Fall colours (Photo by Sean Feagan / NCC Staff)

Fall colours (Photo by Sean Feagan / NCC Staff)

Our Prairie Scaries

How seemingly scary grassland species are ecologically important
Northern Scorpion (Photo by Caleb Catto, CC-BY-4)

Northern Scorpion (Photo by Caleb Catto, CC-BY-4)

As Halloween approaches, our minds turn to the creatures that might send shivers down our spines: bats, snakes, spiders and more. But these animals become less frightening as their vital roles in Prairie grassland ecosystems are understood.

Bat brigade

Bats, with their fluttering flight and nocturnal habitats, are much maligned and misunderstood. While they might freak some people out, they play an essential role in prairie ecosystems. That’s because they are voracious predators of insects, including annoying mosquitoes and agricultural pests.

Western small-footed bat (Photo by Joey Kellner, CC BY NC)

Western small-footed bat (Photo by Joey Kellner, CC BY NC)

Several bat species can be found across Canada’s Prairie grasslands. Some of these are generalists, with wide ranges and habitat preferences, while others are bit pickier. For example, western small-footed bats are live in  prairie river valleys in Alberta and Saskatchewan that feature large cottonwood trees.

The truly frightening thing about Canada’s bats is that several are endangered due to white-nose syndrome, a fungal pathogen with a 90 per cent mortality rate. To help these important insectivores, bats were recently protected under the Alberta Wildlife Act, meaning it is now illegal to kill them without a permit.

Glowing in the dark

Who would have thought that Canada's grasslands are home to scorpions? The northern scorpion, found in southern parts of Alberta and Saskatchewan, is the only scorpion species found in Canada. The exoskeleton of these nocturnal insect predators fluoresces under UV light, creating an otherworldly blue-green glow. Using one of these lights at night is how researchers typically find them! Despite its intimidating appearance, its sting is said to be no worse than that of a bee or wasp. They have a soft side too — by engaging in intricate courtship rituals and providing maternal care for their young.

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Spooky spinners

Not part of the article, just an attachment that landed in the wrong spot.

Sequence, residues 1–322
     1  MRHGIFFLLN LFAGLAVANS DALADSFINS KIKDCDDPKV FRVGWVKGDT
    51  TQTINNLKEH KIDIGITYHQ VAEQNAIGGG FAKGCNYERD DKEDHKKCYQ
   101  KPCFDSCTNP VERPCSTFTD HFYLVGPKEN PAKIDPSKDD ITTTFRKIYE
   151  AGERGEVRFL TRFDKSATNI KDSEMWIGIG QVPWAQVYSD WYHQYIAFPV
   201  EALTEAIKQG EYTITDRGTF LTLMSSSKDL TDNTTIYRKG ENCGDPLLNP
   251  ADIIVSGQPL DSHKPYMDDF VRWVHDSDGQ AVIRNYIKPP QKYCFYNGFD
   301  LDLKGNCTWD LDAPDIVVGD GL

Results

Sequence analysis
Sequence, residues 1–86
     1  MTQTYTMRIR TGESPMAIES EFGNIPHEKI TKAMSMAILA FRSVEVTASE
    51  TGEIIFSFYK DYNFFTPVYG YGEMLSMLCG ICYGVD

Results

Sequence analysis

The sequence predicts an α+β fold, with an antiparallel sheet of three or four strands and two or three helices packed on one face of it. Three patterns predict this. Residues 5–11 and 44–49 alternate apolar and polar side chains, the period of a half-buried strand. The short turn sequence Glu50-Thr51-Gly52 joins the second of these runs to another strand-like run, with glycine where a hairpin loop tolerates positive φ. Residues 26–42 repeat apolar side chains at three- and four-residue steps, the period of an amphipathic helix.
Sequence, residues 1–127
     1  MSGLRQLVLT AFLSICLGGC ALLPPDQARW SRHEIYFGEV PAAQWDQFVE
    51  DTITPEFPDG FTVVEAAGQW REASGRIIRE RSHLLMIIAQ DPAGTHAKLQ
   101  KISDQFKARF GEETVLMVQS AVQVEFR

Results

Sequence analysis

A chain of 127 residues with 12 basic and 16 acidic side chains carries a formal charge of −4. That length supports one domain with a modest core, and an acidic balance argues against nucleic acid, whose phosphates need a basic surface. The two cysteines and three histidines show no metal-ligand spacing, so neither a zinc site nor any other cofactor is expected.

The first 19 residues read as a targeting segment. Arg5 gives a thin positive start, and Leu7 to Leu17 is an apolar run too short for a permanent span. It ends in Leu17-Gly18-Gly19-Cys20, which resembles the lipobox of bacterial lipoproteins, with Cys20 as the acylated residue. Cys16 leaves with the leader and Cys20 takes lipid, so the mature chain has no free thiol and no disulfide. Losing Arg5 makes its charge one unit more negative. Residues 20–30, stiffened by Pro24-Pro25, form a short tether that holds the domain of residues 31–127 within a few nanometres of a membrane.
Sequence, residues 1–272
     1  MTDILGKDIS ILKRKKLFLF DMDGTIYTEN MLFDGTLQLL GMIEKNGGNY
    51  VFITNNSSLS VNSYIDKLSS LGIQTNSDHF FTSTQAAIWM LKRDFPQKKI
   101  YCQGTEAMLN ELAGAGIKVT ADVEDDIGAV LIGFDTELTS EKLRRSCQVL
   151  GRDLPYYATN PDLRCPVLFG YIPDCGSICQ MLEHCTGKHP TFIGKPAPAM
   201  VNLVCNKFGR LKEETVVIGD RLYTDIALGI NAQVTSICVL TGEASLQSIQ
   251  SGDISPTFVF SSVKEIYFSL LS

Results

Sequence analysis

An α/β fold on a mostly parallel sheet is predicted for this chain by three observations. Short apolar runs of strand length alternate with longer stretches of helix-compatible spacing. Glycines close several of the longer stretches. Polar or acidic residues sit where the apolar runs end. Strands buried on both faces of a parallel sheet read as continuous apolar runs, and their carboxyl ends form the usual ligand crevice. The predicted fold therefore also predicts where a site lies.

With its characteristic red hourglass mark (on females), the western black widow spider seems like a Halloween decoration come to life.

Western black widow (Photo by Bobb Lalonde, CC-BY-NC)

Western black widow (Photo by Bobb Lalonde, CC-BY-NC)

However, this venomous arachnid, found in the prairie provinces, plays an important role as an insect predator. The black widow's messy-looking web is not for decoration but is rather a masterful tool for capturing its insect prey. While these spiders are infamous for their neurotoxic venom, their bite rarely poses a serious threat to adults.

Prairie rattlesnakes

The sight of a rattlesnake might send some running, but they're far from the monsters of horror tales. Prairie rattlesnakes, found in southeastern Alberta and southwestern Saskatchewan, play an important role in prairie ecosystems as efficient predators of rodents, helping to control their populations.

A species at risk, prairie rattlesnakes congregate to hibernate each winter at sites known as hibernacula. These are typically crevasses among rocks, abandoned rodent burrows, or other underground nooks and crannies. These sites are used year after year and are critical to the rattlesnake’s survival over the frosty winter months.

While prairie rattlesnakes are venomous, their bite is rarely deadly to people, and they usually only strike as a defensive last resort. And when approached, they usually let their presence be known by shaking their namesake rattle. So, if you ever see one, give it space and you will be fine!


Most bobcats feature beautiful spotted coats, but on rare occasions, melanistic bobcats can be seen to have a Halloween-like jet-black coat. Bobcats are found throughout a diversity of habitats, including grasslands. Researchers studying these cats have found that they typically use river valleys within prairie ecosystems to travel long distances. While they might be elusive, they play a vital role in controlling populations of prey species, such as rabbits and rodents.

Ord's kangaroo rat

Not a true rat, this small mammal is far from frightening. In fact, it is ridiculously cute.

Ord's kangaroo rat (Photo by Joshua Wade Covill, CC-BY-NC)

Ord's kangaroo rat (Photo by Joshua Wade Covill, CC-BY-NC)

An endangered species in Canada, Ord’s kangaroo rat is found in sandy areas, particularly dunes, in southeastern Alberta and southwestern Saskatchewan. Beyond being adorable, kangaroo rats play a crucial role in prairie ecosystems by dispersing seeds and creating underground habitats by burrowing.

Not so scary after all?

This Halloween, let’s remember our prairie scaries aren’t the frightening creatures in our scariest stories. Bats, black widows, scorpions, rattlesnakes, bobcats and kangaroo rats all contribute to the health of our prairie grasslands. So maybe they’re not so scary after all?

Want to help our prairie scaries? Support the Prairie Grasslands Action Plan!

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